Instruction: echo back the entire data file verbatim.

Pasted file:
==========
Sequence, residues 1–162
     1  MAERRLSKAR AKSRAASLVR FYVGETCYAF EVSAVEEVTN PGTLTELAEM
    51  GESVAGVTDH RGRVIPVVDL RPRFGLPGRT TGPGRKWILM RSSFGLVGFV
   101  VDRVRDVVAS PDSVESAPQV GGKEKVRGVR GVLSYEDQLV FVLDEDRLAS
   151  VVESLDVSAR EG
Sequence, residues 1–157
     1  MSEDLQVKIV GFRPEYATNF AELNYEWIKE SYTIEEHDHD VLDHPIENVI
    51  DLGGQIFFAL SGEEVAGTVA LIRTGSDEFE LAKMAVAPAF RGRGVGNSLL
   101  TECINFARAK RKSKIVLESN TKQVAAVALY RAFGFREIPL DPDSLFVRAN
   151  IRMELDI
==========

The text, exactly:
Sequence, residues 1–162
     1  MAERRLSKAR AKSRAASLVR FYVGETCYAF EVSAVEEVTN PGTLTELAEM
    51  GESVAGVTDH RGRVIPVVDL RPRFGLPGRT TGPGRKWILM RSSFGLVGFV
   101  VDRVRDVVAS PDSVESAPQV GGKEKVRGVR GVLSYEDQLV FVLDEDRLAS
   151  VVESLDVSAR EG
Sequence, residues 1–157
     1  MSEDLQVKIV GFRPEYATNF AELNYEWIKE SYTIEEHDHD VLDHPIENVI
    51  DLGGQIFFAL SGEEVAGTVA LIRTGSDEFE LAKMAVAPAF RGRGVGNSLL
   101  TECINFARAK RKSKIVLESN TKQVAAVALY RAFGFREIPL DPDSLFVRAN
   151  IRMELDI